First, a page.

As private insurers pull back, more homeowners are buying coverage from Citizens Property Insurance, a state-owned entity that was meant to be the insurer of last resort — a backstop for people who could not find coverage on the regular market.
Now, instead of being a backstop, Citizens provides more residential insurance policies than almost any private insurer in Florida, according to state data.
But those policies offer less coverage for various types of damage. And because they are ultimately backed by the state government, taxpayers could be on the hook if a major hurricane overwhelmed the ability of Citizens to pay claims.
“If there are catastrophic losses, the backstop there is not some sophisticated reinsurance market — it’s the citizens of Florida,” Dr. Keenan of Tulane said. “And it could be totally devastating.”
If Florida’s coastal homeowners and officials want to avoid an uninsurable future, they can take steps to reduce the risk, like further tightening building codes, increasing inspections or restricting development near the beach, said Ernst Rauch, the chief climate scientist at Munich Re, one of the world’s largest insurance companies.
But he said something needs to change, or higher insurance costs are inevitable, especially as climate change gets worse.
“We need to reduce the vulnerability of our societies,” Mr. Rauch said. “Living by the water is not necessarily sustainable.”
For the people who lived at Champlain Towers South, any insurance payout is likely to be limited. While many residents had individual policies on their furniture and other belongings, the bigger payouts must come from the mega-policies on the building itself. Lawyers for the condominium association and its insurers have said that the complex had about $30 million in property coverage and $18 million in liability coverage.
Judge Michael A. Hanzman of the Circuit Court in Miami-Dade County, who is handling the cases filed against the building, said that $48 million “will obviously be inadequate to compensate everyone fully to the extent of their harm.”
The pot of money could grow if the land where the Champlain Towers South once stood, worth an estimated $100 million to $130 million, is sold. At a hearing on Wednesday, Judge Hanzman gave approval for a court-appointed receiver to begin the process of selling the property.
“I want you to be proceeding forward, with whatever needs to be done to monetize that property, so we can get money into the hands of these people,” Judge Hanzman said.
Brad Sohn, a lawyer representing at least one survivor of the collapse, said condo associations should be required to have far larger coverage for something as devastating as a collapse.
“When catastrophic events happen in Florida, there need to be firmer laws in place forcing people to be financially responsible, to have larger insurance policies so people are not left hanging out to dry,” Mr. Sohn said.
Susana Alvarez, 62, who escaped the building’s collapse and is living for now in a rental, said she worries that she will not be compensated for the $150,000 in renovations she put into her unit, including a new kitchen, floors and windows.
“It’s not about what I paid to own the apartment,” she said. “It’s about what it’s worth now.”
Mr. Rosenthal has a similar worry. When he first bought his 1,560-square-foot unit in 2001, hoping to spend the rest of his life there, he paid $250,000 for it; the unit’s reappraisal two years ago put its value at $650,000.
He would at least like to be able to pay off his mortgage, and with that in mind, he has joined one of several lawsuits against the building’s condo association. The survivors, he said, will look well beyond the building’s limited insurance policy, “suing anybody and everybody that’s involved.”
There's Not A Cloud In The Sky, But Your House Could Still Be Underwater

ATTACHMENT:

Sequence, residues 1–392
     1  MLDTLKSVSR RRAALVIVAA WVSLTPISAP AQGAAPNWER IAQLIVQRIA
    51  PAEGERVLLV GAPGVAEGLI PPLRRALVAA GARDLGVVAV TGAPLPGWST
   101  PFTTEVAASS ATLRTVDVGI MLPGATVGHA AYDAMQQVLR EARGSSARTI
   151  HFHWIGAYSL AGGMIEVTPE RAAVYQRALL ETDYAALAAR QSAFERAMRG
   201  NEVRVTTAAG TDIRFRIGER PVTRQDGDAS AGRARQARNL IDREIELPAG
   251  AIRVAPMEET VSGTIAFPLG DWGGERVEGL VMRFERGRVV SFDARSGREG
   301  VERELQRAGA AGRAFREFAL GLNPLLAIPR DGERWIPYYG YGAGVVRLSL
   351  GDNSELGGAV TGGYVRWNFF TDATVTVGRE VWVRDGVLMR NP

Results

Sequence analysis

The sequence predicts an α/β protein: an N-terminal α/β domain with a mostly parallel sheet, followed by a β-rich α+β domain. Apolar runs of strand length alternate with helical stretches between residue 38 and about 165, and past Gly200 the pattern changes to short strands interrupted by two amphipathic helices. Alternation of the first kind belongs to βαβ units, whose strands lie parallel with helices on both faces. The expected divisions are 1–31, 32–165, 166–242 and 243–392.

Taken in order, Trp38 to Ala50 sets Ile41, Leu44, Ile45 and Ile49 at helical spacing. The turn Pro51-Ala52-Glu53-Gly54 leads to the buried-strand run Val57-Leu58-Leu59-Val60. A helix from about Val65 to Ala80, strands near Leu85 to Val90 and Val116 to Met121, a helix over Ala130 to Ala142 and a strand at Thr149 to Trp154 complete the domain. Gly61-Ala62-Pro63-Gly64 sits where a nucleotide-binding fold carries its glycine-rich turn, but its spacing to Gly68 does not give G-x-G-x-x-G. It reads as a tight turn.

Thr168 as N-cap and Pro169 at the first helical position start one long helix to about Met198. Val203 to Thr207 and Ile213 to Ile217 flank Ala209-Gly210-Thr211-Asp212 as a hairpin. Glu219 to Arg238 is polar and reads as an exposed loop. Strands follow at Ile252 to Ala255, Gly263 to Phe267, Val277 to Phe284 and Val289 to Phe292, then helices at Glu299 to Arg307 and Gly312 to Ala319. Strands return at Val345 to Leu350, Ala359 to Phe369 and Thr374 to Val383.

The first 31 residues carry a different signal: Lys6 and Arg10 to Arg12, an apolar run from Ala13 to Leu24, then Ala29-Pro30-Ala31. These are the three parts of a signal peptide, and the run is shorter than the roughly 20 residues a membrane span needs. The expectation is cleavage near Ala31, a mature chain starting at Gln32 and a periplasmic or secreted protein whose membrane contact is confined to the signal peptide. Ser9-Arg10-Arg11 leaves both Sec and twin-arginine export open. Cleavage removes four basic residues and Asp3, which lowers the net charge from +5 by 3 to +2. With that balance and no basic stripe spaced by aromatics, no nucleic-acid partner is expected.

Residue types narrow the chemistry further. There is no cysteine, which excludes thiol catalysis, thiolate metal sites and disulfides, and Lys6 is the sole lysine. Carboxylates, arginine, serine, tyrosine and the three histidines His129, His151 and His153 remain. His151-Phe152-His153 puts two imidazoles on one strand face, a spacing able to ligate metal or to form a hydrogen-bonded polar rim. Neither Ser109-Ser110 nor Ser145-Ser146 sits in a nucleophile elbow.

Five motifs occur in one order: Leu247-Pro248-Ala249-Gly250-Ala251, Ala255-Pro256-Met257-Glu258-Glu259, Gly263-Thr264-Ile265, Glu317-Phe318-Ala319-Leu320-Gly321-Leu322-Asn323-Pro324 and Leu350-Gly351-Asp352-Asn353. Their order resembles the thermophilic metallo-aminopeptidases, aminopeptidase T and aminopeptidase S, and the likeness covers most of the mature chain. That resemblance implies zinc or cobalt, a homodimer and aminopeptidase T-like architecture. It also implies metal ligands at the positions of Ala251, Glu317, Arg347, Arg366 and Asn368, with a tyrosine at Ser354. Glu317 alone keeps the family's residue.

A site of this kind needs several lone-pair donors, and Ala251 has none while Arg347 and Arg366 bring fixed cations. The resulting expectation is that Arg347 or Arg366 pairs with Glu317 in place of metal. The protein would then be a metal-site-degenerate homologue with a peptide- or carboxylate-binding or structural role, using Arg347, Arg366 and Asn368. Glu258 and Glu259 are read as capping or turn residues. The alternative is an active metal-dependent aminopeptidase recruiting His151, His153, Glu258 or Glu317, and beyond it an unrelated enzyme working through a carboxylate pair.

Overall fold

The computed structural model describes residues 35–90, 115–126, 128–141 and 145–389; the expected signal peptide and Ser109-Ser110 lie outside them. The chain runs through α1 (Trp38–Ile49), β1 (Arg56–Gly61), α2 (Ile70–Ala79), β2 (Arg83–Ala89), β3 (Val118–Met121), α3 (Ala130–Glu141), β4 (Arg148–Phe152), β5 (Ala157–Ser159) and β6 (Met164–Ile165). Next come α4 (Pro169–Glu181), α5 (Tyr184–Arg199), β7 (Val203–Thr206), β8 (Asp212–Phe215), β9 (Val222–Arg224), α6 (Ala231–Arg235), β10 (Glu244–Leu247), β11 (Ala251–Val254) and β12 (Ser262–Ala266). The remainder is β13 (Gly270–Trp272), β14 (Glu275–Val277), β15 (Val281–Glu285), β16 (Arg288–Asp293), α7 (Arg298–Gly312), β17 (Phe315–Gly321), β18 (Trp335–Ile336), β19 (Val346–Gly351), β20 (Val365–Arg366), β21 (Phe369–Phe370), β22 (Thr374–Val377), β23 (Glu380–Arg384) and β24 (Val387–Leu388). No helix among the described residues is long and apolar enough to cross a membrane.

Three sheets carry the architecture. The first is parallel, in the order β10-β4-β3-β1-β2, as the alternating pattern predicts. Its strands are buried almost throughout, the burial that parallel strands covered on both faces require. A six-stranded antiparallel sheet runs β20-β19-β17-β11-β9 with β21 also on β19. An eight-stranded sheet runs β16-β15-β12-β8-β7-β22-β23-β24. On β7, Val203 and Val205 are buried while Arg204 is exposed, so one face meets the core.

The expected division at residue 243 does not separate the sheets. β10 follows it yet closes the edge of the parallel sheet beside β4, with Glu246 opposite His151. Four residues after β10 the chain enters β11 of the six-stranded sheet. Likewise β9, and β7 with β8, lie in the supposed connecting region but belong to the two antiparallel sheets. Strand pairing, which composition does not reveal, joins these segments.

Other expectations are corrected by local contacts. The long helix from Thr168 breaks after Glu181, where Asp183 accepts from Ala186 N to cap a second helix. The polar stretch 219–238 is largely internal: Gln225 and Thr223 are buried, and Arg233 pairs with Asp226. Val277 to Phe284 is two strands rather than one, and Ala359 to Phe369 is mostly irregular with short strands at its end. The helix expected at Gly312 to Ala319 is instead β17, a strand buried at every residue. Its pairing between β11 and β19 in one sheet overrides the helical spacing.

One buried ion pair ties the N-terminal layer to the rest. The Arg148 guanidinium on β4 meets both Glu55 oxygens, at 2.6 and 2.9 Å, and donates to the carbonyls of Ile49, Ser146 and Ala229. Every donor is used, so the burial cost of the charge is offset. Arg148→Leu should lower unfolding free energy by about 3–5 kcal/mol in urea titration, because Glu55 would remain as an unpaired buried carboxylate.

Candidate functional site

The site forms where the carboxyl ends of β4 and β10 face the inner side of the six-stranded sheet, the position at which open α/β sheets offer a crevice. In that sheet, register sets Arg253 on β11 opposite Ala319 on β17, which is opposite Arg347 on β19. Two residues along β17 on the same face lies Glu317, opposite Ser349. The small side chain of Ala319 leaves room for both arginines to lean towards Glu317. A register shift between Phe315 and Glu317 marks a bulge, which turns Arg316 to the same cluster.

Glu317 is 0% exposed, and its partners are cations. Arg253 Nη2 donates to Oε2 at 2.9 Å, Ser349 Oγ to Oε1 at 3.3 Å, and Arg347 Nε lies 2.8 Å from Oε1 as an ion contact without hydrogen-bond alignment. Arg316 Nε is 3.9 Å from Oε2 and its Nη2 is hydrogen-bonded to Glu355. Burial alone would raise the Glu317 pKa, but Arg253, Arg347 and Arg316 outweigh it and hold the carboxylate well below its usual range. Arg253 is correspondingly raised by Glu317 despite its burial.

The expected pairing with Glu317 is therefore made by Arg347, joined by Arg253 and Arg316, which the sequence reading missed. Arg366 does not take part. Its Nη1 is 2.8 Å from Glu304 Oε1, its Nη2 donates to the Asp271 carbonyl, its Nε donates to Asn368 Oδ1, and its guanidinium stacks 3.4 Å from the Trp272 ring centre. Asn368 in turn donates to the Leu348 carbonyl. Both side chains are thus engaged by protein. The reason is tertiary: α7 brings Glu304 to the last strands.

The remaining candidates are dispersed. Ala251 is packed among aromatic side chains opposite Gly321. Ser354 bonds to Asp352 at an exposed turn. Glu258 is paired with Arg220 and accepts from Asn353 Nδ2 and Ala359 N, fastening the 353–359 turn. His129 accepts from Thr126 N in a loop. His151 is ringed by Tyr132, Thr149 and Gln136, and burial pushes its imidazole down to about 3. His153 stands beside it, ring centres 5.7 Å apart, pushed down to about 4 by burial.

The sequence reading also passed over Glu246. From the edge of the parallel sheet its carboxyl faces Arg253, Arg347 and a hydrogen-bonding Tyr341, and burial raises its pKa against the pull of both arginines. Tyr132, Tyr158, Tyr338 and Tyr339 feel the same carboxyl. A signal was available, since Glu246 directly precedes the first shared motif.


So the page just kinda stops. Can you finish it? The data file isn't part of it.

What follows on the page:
July 15, 20211:00 PM ET Rebecca Hersher npr.org
Coastal neighborhoods around the U.S. are seeing a steady increase in high tide flooding, as sea level rise accelerates and sends seawater into homes, sewers and streets. The problem is expected to get worse in the coming years, federal scientists warn.
In 2021, 14 coastal locations broke or tied records for the number of so-called sunny day floods, when water infiltrated neighborhoods even though there was no storm, according to the annual high tide flooding report from the National Oceanic and Atmospheric Administration.
That includes Galveston and Corpus Christi, Texas, which each set records of more than 20 days of high tide flooding in 2021. Residents of Pensacola, Fla., and Charleston, S.C., each experienced 14 days of high tide flooding in 2021.
That's a huge increase over just two decades ago: all four cities saw two days of tidal flooding or less in the year 2000.
"Damaging floods that decades ago happened only during a storm are now happening more regularly, even without severe weather," says Nicole LeBoeuf, the director of NOAA's National Ocean Service.
The cause of the flooding is clear: human-driven climate change. People are burning fossil fuels that release enormous quantities of greenhouse gases into the atmosphere. That's causing the Earth to heat up rapidly, which melts ice and causes the water in the oceans to expand, both of which drive sea level rise.
"Sea levels are going up quicker than anticipated and the number of flood days are following suit," says William Sweet, an oceanographer at NOAA's National Ocean Service. "There's a lot of heat and there's a lot of warm water."
In some areas, the land is also sinking. That includes the Chesapeake Bay region, where the land is naturally subsiding, and parts of the Gulf Coast where fossil fuel and drinking water extraction are hastening land loss. When the land sinks while the water rises, flooding is even more severe.
Scientists expect high tide flooding will continue to accelerate in the coming years. Long-term projections for the U.S. suggest that the average number of days with high tide floods could double by the end of the decade.
Beginning in the mid-2030s, a change in the lunar cycle will amplify climate-driven tidal flooding, a recent study by NASA scientists warned. The moon's orbit has a natural wobble, and when the moon is slightly closer to the Earth, tides are a little higher.
Local governments in coastal areas are increasingly reliant on official predictions about tidal flooding. Floods can affect emergency services and schools, and local planning departments must decide where to build new buildings in light of increased flood risk.
NOAA's ocean scientists continuously monitor tides around the U.S., and release seasonal predictions for each U.S. region. Those predictions include specific dates that residents in each region of the country can expect to see high tide flooding, such as water running in the streets or bubbling up through storm drains.